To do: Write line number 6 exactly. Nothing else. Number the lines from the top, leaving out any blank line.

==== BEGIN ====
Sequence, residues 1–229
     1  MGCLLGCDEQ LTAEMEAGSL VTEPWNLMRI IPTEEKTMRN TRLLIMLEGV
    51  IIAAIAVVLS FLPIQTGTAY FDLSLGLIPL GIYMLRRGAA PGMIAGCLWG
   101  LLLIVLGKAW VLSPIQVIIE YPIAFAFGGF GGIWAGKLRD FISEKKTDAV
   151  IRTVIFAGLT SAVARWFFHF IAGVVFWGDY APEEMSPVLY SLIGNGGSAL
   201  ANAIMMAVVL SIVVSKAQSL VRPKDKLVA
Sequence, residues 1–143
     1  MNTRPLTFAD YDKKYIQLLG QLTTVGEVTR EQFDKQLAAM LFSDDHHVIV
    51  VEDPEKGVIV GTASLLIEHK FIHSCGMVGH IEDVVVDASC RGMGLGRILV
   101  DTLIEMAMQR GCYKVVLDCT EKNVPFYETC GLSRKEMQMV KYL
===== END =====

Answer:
   201  ANAIMMAVVL SIVVSKAQSL VRPKDKLVA